Android Smartphone Web Browser Is 52 Percent Faster than iPhone Browser, Study Finds
As if the smartphone wars weren’t fierce enough already, now comes an additional piece of ammunition for defenders of Google’s Android mobile operating system. On average, the Web browser pre-installed on Android phones loads Web pages 52 percent faster than the Safari browser on Apple’s iPhone, according to a study released today.
The purported Safari speedup has “no material impact on real-world sites,” according to Guy Podjarny, chief technology officer at Blaze Software, the Ottawa, Ontario-based startup that carried out the tests.
Blaze specializes in technology that makes Web pages load faster in multiple browsers. The company collected the data in its own test laboratory, where it has racks of Samsung Nexus S and Galaxy S phones running Android 2.2 and 2.3, along with Apple iPhone 4 devices running iOS 4.2 and 4.3. In what Blaze claims is the largest study to date of smartphone browser performance, the company timed the Android and Apple phones on 45,000 visits to the public websites of all of the Fortune 1000 companies. About 84 percent of the time, the Android phones finished loading the visited page first, while the iPhones won only 16 percent of the time.
“I was betting on Android to be a little faster. But 50 percent faster—that is a much more major difference than what I was anticipating,” Padjorny says.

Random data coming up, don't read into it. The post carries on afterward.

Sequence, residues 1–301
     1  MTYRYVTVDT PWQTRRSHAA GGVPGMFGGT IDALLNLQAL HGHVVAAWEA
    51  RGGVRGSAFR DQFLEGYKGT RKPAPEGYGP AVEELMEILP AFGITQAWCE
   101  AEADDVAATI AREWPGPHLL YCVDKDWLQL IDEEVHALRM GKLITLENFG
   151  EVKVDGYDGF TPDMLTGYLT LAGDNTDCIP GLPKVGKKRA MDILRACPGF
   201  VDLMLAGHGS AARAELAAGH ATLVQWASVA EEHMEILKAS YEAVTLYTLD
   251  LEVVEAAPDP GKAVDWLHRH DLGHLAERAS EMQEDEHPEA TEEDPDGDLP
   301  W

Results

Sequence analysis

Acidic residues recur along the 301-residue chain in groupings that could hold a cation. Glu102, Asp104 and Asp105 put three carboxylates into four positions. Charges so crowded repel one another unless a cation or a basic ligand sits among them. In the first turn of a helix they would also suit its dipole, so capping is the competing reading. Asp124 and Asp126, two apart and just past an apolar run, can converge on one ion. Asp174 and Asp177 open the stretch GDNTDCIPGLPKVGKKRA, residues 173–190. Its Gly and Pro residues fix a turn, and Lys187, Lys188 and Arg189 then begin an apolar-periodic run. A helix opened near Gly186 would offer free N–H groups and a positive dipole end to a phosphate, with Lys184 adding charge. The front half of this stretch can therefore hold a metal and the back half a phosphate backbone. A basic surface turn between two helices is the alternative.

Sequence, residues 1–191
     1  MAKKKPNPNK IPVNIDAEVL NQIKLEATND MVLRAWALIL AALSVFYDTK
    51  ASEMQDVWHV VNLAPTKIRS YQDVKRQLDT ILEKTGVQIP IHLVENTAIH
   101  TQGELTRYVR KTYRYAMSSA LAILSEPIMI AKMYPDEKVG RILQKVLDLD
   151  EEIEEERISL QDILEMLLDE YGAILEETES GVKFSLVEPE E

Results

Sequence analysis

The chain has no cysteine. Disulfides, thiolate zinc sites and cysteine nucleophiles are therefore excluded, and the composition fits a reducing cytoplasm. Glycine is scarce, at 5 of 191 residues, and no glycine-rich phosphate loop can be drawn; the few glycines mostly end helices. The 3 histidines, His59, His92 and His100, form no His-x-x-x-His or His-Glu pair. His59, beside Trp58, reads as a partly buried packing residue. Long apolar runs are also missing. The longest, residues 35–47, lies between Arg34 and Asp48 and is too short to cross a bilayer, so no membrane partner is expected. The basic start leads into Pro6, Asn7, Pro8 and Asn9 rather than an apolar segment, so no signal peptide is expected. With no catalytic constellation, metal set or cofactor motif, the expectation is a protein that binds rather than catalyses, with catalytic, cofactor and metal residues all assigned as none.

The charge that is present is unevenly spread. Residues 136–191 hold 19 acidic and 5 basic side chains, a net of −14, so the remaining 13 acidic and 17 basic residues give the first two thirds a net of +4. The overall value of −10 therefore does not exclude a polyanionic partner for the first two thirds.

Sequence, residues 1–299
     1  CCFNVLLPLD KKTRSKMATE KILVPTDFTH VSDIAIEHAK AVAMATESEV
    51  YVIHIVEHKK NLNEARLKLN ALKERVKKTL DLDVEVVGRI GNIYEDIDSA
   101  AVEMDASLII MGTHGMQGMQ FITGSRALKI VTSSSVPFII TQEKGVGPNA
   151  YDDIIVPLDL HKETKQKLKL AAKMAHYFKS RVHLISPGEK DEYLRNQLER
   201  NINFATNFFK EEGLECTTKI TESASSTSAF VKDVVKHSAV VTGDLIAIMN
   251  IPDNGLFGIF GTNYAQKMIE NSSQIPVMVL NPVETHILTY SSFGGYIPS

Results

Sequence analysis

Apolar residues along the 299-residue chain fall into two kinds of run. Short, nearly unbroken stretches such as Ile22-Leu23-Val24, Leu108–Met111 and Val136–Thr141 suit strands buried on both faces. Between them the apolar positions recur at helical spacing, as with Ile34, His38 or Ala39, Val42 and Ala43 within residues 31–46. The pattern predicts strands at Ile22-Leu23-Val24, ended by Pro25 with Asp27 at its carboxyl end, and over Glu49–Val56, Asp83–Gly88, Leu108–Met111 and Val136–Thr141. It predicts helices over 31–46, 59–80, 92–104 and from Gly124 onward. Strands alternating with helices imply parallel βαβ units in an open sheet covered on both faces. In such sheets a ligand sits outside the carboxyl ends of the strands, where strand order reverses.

Blaze provides a free service called “Mobitest” that allows website owners to test the performance of their sites on actual phones in Blaze’s labs. Once it had built the Mobitest facility, the company realized that it could also be used to compare smartphone browsers, Podjarny says. “We said, ‘What interesting insights can we harvest,’ and one of the ones we were most curious about was who is actually faster—is iPhone faster than Android? Now that we have over 45,000 measurements, we definitively know the answer.”
The lesson for Apple in the study results, Podjarny says, is “you should measure your assumptions. We have this tool now. Go ahead and use whatever internal tools you have too, but then test it [on Mobitest] and see if it fares as expected.” And there’s a larger lesson for Web developers: they shouldn’t assume that their sites will perform identically on Android phones and iPhones. “Site owners need to take care to measure performance and understand what their site looks like when viewed through the lens of an iOS device and an Android device,” Podjarny says.